Figure 1 is an illustration of one 400-minute realization of a stochastic variable calculated as above. The time-constant is 40 minutes, the nominal input value is 20, and the range is three units. In this illustration, notice that the variable averages about its nominal value of 20, and that the difference between the high and low values is nearly three. During a period between 150 and 275 minutes, the value is below the average, indicating a persistence of 275 - 150 = 125 minutes, which is about three times the 40-minute time-constant. Some persistence values are shorter, while some are longer.

This approach modeled a drifting influence as a first-order response to a Gaussian distributed driver. You can certainly can model drifts as higher-order or driven by alternate, forcing-function distributions. However, my view is that this adequately mimics how I consider randomly driven drifts in natural disturbances to respond, and it provides a relatively simple method to execute and parameterize.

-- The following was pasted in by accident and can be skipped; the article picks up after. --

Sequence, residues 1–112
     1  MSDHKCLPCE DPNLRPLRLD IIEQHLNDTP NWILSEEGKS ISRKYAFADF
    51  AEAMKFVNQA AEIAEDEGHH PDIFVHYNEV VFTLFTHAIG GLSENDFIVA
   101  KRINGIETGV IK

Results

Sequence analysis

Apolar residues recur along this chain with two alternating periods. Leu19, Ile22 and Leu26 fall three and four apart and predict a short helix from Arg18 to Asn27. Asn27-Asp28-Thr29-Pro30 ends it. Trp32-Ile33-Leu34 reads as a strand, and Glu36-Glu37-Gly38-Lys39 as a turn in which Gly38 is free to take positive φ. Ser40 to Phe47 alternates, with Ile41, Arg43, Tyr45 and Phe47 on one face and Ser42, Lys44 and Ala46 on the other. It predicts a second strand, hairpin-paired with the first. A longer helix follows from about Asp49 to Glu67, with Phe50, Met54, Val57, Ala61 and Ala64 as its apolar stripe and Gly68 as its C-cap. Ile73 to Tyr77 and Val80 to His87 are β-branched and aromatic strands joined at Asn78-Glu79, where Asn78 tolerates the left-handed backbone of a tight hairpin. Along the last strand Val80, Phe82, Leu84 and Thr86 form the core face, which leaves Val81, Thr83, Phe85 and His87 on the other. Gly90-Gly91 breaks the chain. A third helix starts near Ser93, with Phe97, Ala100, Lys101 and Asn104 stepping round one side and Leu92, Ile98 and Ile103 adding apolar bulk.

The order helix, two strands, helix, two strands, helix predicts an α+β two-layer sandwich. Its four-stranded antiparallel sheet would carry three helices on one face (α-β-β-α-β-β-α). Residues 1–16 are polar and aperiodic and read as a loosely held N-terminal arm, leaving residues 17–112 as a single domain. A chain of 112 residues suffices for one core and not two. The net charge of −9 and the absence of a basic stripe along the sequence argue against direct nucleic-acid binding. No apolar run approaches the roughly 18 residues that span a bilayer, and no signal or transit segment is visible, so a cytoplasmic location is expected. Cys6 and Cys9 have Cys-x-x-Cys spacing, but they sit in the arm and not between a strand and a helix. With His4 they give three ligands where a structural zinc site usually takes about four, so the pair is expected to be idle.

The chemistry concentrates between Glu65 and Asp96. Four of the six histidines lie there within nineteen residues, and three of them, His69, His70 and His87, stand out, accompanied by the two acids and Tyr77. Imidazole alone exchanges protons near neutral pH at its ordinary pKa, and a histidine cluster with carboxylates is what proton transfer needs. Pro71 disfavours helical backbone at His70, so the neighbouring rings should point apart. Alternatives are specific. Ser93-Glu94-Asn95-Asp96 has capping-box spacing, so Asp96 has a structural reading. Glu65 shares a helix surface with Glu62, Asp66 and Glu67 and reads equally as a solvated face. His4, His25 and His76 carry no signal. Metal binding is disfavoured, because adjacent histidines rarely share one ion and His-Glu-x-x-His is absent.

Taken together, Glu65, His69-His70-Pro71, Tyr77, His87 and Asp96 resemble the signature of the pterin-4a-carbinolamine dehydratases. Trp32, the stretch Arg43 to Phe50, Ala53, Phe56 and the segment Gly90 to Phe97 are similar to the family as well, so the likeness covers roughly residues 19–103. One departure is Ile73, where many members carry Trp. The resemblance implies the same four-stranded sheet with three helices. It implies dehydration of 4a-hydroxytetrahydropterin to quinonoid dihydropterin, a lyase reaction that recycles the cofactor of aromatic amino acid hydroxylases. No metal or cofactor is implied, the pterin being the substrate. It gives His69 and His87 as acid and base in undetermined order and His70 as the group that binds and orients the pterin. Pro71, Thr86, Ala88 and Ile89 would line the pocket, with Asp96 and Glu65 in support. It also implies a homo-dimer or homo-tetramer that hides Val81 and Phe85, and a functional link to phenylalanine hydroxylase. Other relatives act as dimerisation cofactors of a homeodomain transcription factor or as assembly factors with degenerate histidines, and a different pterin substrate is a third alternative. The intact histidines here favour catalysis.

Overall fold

## Simulating stiction

Stiction is a slip-stick phenomenon common to pneumatically activated flow-control valves. The valve stem must slide through the valve body to open and close the inner valve. This hole in the body permits process material to leak out, so there’s packing material between the stem and body. If the packing is too loose, process material can slip out. But if it’s too tight, the packing can grab and hold the valve stem.

Normally, when the controller wants to open the a valve, the air pressure on the actuator changes, and the force imbalance between the actuator and the spring permits the stem to move to a position that makes the forces balance. But, if the packing grabs the stem, the stem will not move until the force imbalance overcomes the static friction. Then, the valve stem starts moving. And, since sliding friction is less than static friction, the stem jumps to a new position, stopping at a random position between the current location and the ideal target, where the static friction again overcomes the actuator-to-spring force imbalance.